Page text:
Verse > Anthologies > Thomas R. Lounsbury, ed. > Yale Book of American Verse
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Thomas R. Lounsbury, ed. (1838–1915). Yale Book of American Verse.  1912.
 
Fitz-Greene Halleck. 1790–1867
 
12. Red Jacket
 
COOPER, whose name is with his country's woven, 
  First in her files, her Pioneer of mind— 
A wanderer now in other climes, has proven 
  His love for the young land he left behind; 
  
And throned her in the senate-hall of nations,         5
  Robed like the deluge rainbow, heaven-wrought; 
Magnificent as his own mind's creations, 
  And beautiful as its green world of thought: 
  
And faithful to the Act of Congress, quoted 
  As law authority, it passed nem. con.;  10
He writes that we are, as ourselves have voted, 
  The most enlightened people ever known. 
  
That all our week is happy as a Sunday 
  In Paris, full of song, and dance, and laugh; 
And that, from Orleans to the Bay of Fundy,  15
  There's not a bailiff or an epitaph; 
  
And furthermore—in fifty years, or sooner, 
  We shall export our poetry and wine; 
And our brave fleet, eight frigates and a schooner, 
  Will sweep the seas from Zembla to the Line.  20
  
If he were with me, King of Tuscarora! 
  Gazing, as I, upon thy portrait now, 
In all its medalled, fringed, and beaded glory, 
  Its eye's dark beauty, and its thoughtful brow— 
  
Its brow, half martial and half diplomatic,  25
  Its eye, upsoaring like an eagle's wings, 
Well might he boast that we, the Democratic, 
  Outrival Europe, even in our Kings! 
  
For thou wast monarch born. Tradition's pages 
  Tell not the planting of thy parent tree,  30
But that the forest tribes have bent for ages 
  To thee, and to thy sires, the subject knee. 
  
Thy name is princely—if no poet's magic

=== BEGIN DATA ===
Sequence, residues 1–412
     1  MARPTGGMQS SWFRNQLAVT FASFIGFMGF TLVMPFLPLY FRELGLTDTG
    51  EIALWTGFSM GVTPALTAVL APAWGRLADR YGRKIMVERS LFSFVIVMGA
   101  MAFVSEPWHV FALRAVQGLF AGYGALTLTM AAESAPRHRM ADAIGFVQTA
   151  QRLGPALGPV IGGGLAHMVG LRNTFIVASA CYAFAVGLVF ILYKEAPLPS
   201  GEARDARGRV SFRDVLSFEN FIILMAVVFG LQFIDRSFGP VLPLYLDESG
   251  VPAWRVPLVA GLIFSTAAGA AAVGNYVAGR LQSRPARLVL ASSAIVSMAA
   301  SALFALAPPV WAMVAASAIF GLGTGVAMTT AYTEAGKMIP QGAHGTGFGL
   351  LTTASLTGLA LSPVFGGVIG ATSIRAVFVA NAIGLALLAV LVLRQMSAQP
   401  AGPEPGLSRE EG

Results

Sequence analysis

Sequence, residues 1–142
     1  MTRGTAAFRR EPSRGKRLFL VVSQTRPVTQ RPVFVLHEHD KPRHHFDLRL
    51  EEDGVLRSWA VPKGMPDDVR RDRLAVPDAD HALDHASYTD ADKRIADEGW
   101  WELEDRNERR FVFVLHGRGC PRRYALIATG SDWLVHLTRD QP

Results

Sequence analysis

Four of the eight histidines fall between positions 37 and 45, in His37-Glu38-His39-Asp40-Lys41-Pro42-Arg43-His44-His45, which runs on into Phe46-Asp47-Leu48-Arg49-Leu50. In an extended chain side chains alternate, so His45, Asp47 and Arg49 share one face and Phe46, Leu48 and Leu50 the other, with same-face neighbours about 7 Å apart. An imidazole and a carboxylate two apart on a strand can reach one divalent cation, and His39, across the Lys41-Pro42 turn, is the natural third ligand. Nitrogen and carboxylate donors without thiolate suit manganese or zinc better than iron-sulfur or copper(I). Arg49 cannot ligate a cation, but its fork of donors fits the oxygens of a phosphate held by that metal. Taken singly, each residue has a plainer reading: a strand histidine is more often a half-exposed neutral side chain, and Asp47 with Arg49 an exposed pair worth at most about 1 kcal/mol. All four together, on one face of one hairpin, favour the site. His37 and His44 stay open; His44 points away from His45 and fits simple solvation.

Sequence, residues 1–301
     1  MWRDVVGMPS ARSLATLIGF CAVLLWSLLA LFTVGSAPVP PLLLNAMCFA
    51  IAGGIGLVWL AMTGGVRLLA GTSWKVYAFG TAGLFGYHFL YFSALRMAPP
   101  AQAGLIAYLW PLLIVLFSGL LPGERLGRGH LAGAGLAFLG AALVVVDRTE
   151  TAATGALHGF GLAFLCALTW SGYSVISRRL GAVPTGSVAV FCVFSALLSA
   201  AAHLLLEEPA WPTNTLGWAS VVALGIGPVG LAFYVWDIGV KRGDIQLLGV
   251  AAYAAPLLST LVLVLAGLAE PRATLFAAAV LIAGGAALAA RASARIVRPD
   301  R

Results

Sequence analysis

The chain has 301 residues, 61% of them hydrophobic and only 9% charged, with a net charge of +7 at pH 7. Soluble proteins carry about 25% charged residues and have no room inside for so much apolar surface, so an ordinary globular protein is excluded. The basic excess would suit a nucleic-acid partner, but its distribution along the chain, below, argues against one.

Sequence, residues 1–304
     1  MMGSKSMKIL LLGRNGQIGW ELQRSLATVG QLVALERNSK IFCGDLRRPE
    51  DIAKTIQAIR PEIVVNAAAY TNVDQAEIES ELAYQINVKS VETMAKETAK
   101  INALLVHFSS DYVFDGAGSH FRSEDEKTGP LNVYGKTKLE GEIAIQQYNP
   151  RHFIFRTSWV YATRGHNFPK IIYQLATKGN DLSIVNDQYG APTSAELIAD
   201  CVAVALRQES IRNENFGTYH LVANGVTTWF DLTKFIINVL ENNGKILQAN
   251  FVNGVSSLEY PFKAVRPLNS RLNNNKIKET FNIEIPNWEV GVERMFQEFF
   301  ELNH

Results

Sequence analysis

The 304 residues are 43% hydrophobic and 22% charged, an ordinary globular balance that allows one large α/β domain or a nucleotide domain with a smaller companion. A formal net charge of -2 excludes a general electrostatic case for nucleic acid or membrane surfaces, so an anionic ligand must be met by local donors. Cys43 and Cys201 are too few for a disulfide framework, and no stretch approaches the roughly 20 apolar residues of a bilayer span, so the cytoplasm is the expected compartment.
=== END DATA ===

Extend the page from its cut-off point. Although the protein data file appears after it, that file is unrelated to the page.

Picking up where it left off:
Could make Red Jacket grace an English rhyme, 
Though some one with a genius for the tragic  35
  Hath introduced it in a pantomine, 
  
Yet it is music in the language spoken 
  Of thine own land, and on her herald-roll; 
As bravely fought for, and as proud a token 
  As Coeur de Lion's of a warrior's soul.  40
  
Thy garb—though Austria's bosom-star would frighten 
  That medal pale, as diamonds the dark mine, 
And George the Fourth wore, at his court at Brighton, 
  A more becoming evening dress than thine; 
  
Yet 't is a brave one, scorning wind and weather,  45
  And fitted for thy couch, on field and flood, 
As Rob Roy's tartan for the Highland heather, 
  Or forest green for England's Robin Hood. 
  
Is strength a monarch's merit, like a whaler's? 
  Thou art as tall, as sinewy, and as strong  50
As earth's first kings—the Argo's gallant sailors, 
  Heroes in history and gods in song. 
  
Is beauty?—Thine has with thy youth departed; 
  But the love-legends of thy manhood's years, 
And she who perished, young and broken-hearted,  55
  Are—but I rhyme for smiles and not for tears. 
  
Is eloquence?—Her spell is thine that reaches 
  The heart, and makes the wisest head its sport; 
And there's one rare, strange virtue in thy speeches, 
  The secret of their mastery—they are short.  60
  
The monarch mind, the mystery of commanding, 
  The birth-hour gift, the art Napoleon, 
Of winning, fettering, moulding, wielding, banding 
  The hearts of millions till they move as one: 
  
Thou hast it. At thy bidding men have crowded  65
  The road to death as to a festival; 
And minstrels, at their sepulchres, have shrouded 
  With banner-folds of glory the dark pall. 
  
Who will believe? Not I—for in deceiving 
  Lies the dear charm of life's delightful dream;  70
I cannot spare the luxury of believing 
  That all things beautiful are what they seem; 
  
Who will believe that, with a smile whose blessing 
  Would, like the Patriarch's, soothe a dying hour, 
With voice as low, as gentle, and caressing,  75
  As e'er won maiden's lip in moonlit bower; 
  
With look like patient Job's eschewing evil; 
  With motions graceful as a bird's in air; 
Thou art, in sober truth, the veriest devil 
  That e'er clinched fingers in a captive's hair!  80
  
That in thy breast there springs a poison fountain 
  Deadlier than that where bathes the Upas-tree; 
And in thy wrath, a nursing cat-o'-mountain 
  Is calm as her babe's sleep compared with thee! 
  
And underneath that face, like summer ocean's,  85
  Its lip as moveless, and its cheek as clear, 
Slumbers a whirlwind of the heart's emotions, 
  Love, hatred, pride, hope, sorrow—all save fear. 
  
Love—for thy land, as if she were thy daughter, 
  Her pipe in peace, her tomahawk in wars;  90
Hatred—of missionaries and cold water; 
  Pride—in thy rifle trophies and thy scars; 
  
Hope—that thy wrongs may be, by the Great Spirit, 
  Remembered and revenged when thou art gone; 
Sorrow—that none are left thee to inherit  95
  Thy name, thy fame, thy passions, and thy throne! 
 
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